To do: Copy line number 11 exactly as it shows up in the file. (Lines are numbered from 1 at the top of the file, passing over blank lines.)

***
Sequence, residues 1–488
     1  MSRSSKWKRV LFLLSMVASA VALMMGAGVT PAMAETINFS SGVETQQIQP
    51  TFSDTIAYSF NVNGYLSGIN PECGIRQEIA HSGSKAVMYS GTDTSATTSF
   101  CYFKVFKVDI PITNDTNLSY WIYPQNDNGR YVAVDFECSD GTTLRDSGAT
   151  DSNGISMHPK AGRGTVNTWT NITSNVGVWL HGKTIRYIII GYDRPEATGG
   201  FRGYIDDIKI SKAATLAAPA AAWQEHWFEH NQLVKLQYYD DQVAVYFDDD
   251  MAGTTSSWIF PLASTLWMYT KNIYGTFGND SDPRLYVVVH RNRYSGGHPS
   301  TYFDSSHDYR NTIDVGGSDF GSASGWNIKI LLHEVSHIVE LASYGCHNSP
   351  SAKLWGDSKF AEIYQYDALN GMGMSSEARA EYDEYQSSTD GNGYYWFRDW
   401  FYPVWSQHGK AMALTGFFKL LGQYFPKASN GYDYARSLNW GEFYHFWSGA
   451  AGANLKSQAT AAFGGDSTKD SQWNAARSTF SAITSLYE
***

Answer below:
   451  AGANLKSQAT AAFGGDSTKD SQWNAARSTF SAITSLYE